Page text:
Shae’s Tour of Athens, Ga

June 16, 2015


Mary at Cali N Tito's

Mary at Cali N Tito’s

Mary and I have been best friends since high school, making it one of the longest friendships I have to date. Our freshman lockers were in close proximity to each other and we became good friends from almost day one. Fast forward 11 years (damn) and she is on her way to getting a PHD in veterinary science and parasitology at the University of Georgia. So, at least once a year I travel to the small town of Athens, Georgia to visit her in her graduate student seclusion. Athens seems to exist solely due to the presence of the university. Travel 15 minutes in any direction out of Athens and you are met with what looks like the middle of nowhere, even though it is only an hour outside of Atlanta.

Since 30th & Weldon wasn’t even a twinkle in Danielle, Julie and my collective eye the last time I visited Mary, I’m here to share with you my most recent tour. These are a collection of places worth visiting if you ever find yourself in Athens. Some are new and some are tried and true places I discovered on my first trip back in 2013.

IMG_6261I arrive Friday morning by train. Mary picks me up and we go straight back to her apartment so I could nap. Trains are not very conducive to sleep – more on this later. A trip to the grocery store, shower and pedicure later and we head downtown to Clocked Diner (259 W. Washington St) a retro-feeling burger joint, with vegetarian and vegan options. Foreign sci-fi film posters line the cozy diner, there is a TV playing a loop of a retro sci-fi film next to shelves of condiments and tubs of Dubble Bubble (our check comes with a few pieces of the gum). Clocked offers outdoor seating on a small patio to the side of the restaurant but the Georgia heat makes it hard to sit outside for long. The food takes a little while to come out but their website boasts fresh preparation to order and asks for patience so I guess I had my forewarning. The falafel burger I order is flavorful, fresh and served with a vegan basil jalapeño sauce. Clocked Diner is known for their milkshakes; Mary’s favorite is the blackberry. She says she can’t find a blackberry milkshake anywhere else so armed with a tablet of Lactaid I sip a little of hers. It’s delicious but I dare not chance getting my own.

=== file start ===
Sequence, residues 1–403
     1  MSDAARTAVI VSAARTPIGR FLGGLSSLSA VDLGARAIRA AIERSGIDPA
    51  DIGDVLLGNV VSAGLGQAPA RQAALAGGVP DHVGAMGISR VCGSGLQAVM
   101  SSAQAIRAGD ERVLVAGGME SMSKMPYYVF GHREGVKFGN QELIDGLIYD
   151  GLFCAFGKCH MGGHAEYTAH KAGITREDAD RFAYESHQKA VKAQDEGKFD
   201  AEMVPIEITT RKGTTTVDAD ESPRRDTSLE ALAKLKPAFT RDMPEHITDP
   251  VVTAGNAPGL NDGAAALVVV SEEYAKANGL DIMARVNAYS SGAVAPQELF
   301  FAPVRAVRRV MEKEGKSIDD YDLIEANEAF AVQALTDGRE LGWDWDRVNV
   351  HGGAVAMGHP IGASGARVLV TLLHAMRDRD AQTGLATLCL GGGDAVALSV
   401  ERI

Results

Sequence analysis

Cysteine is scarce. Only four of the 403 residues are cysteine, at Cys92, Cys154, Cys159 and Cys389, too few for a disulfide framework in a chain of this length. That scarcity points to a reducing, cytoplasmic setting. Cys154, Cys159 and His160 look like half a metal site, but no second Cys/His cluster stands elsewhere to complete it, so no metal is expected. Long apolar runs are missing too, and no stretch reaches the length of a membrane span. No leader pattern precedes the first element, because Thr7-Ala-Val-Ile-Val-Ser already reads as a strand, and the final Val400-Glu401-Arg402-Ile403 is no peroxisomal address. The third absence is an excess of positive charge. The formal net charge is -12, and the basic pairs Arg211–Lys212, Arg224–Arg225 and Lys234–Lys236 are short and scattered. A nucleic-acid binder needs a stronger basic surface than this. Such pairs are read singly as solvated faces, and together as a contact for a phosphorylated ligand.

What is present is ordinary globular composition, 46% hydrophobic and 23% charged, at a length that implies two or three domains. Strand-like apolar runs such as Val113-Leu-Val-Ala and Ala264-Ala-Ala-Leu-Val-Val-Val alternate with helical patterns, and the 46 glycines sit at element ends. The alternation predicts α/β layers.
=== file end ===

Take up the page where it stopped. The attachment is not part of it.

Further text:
IMG_6258Saturday is a mellow day, lounging by the pool, a birthday cookout and binge watching season 3 of Orange is the New Black. It dropped while I was on the train to Athens and I’m not one to be left behind by everyone who will have already watched the whole season by the time I get home (I’m looking at you, Danielle).

Sunday we head to the sleepy town of Madison, Ga, which in typical southern small town fashion is mostly shutdown on the Lord’s day. But the reason we are in Madison is for the antiquing and fortunately J & K Fleas An’tiques at 184 S. Main St., is open for business and full of treasures. We load up on amber pressed glass serving plates, 1960s Chinese silk animal ornaments and one weird George-Washington-shaped liquor bottle and head to 5 Points Growlers and Brew Supply back in Athens. The liquor store is average but it was the growler fill-up bar next door that really impressed me. They have boast 45 different beers available for purchase, plus two wines. Bring your own growler or purchase one there.

IMG_6365We have dinner at Cali N Tito’s (1427 S. Lumpkin St), a funky dive that’s walking distance from Mary’s place. She is well versed in their options that fuse authentic and original Mexican food and recommends we get the empanadas and pico de gallo, which they prepare with avocado. Most of the seating is on the outdoor patio complete with white picnic tables, string lights, and old rowboat converted into a fountain. The one catch is that this joint is cash only so be sure to bring your Benjamins with you. We pay the $2.50 BYOB fee and Cali N Tito’s gives us cups and a bucket of ice to keep our bottle of vino verde cool. The service is extremely fast and efficient. They make a mean fish taco served with a chipotle mayo I would be willing to purchase in bottled form. Mary gets a zesty chorizo burrito but says the Cubano Especial (complete with grilled steak, hotdogs, ham, cheese and jalapeños) is also a favorite. I look forward to coming back here on my next visit.


Monday is my final day in Athens and Mary needs to head into the lab for a few hours so she drops me off downtown so I can visit a couple of my favorite local shopping destinations. Located at 119 N. Jackson St., Community has been a favorite since my first trip to Athens. Offering sustainable fashion with their in-house label Community Service, the clothing is made through recycling vintage material and repurposed old clothing, right in the back of the shop. One of my favorite skirts is part of this line, purchased on my first visit, it’s made from vintage blue velvet material. Community also sells local crafted art, jewelry and artisan chocolates and offers sewing and alteration classes to the public.